Ally this with the better investment leverage, and you can feel more comfortable today about the market’s solvency as a whole than you might have in 2000. But the pressure on solvency is mounting and it is this that gives us a degree of confidence that premium rates will rise in order to improve underwriting performance.
Understanding combined ratios
Financial analysts looking at non-life insurers use various ratios to assess the underwriting performance of a company or group. One of the most common is the combined ratio, which is essentially made up of two components: the loss ratio and the expense ratio. All of these ratios can be measured on both a gross of reinsurance or net of reinsurance basis, although the net ratios are the most widely used.
While there is no universal standard for its calculation, the net combined ratio in these tables is the sum of the net expense ratio and the net loss ratio. The net expense ratio, in turn, is the sum of the commission and underwriting expenses as a percentage of net written premium and measures the efficiency of a company's operations in relation
to its overall premium base: the lower, the better.
The net loss ratio, meanwhile, is the net losses incurred as a percentage of the net earned premium and measures the profitability of the underwriting activity: again, the lower, the better. The net combined ratio, therefore, in essence measures the operating margin of an insurer: a ratio below 100% generally indicates a profit, above a loss.
Compare, for example, the 2007 reported year loss ratio and combined ratio of Direct Line Insurance with Hiscox Insurance. Both have similar combined ratios (93.4% and 92.3%, respectively), but the loss ratio of Direct Line is 78.2% while that of Hiscox is 51.3%. The two companies have, therefore, very different expense ratios, which can be largely attributed to their different methods of distribution, namely direct client contact for Direct Line and mainly through intermediaries for Hiscox. Both are profitable, but they get there in different ways.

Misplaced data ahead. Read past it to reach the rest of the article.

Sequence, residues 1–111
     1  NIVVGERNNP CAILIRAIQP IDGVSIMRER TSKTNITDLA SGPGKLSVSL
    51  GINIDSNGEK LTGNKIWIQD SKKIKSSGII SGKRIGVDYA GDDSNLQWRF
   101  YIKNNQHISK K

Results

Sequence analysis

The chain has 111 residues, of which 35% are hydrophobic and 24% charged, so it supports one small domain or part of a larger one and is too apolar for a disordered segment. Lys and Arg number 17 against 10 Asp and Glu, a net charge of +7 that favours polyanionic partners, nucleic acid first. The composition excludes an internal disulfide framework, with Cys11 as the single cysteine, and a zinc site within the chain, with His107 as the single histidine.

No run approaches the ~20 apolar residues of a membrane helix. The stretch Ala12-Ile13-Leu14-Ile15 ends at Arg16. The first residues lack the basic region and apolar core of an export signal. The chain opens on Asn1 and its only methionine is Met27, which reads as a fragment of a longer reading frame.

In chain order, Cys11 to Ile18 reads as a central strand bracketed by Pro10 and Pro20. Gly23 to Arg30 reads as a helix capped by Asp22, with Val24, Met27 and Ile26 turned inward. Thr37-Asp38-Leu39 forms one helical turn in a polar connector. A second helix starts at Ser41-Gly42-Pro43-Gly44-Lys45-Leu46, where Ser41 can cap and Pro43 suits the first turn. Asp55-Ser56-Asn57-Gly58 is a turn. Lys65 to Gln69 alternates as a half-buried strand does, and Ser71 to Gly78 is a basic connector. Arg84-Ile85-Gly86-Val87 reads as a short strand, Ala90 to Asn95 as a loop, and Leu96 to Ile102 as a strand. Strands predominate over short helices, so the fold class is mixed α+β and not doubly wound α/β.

To complicate matters, though, financial analysts also refer to prior years claims reserves movements and accident year performance. In essence, this is an attempt to remove distortions from the reported loss and combined ratios caused by changes that are recognised in the latest year for losses that were incurred in years before the latest year or accident year. This enables the analyst to arrive at a purer view of current underwriting performance.
For example, Royal & Sun Alliance Insurance reported a net loss ratio of 64.7% in 2007. This, however, included 12 percentage points benefit from the release of Â£346m of claims incurred before 2007. Its accident year loss ratio, therefore, was 64.7% plus 12%, or 76.7%. If Royal & Sun Alliance Insurance had needed to increase, instead of decrease, its prior year claims reserves, its reported loss ratio would have been 76.7% plus 12%, or 88.7%.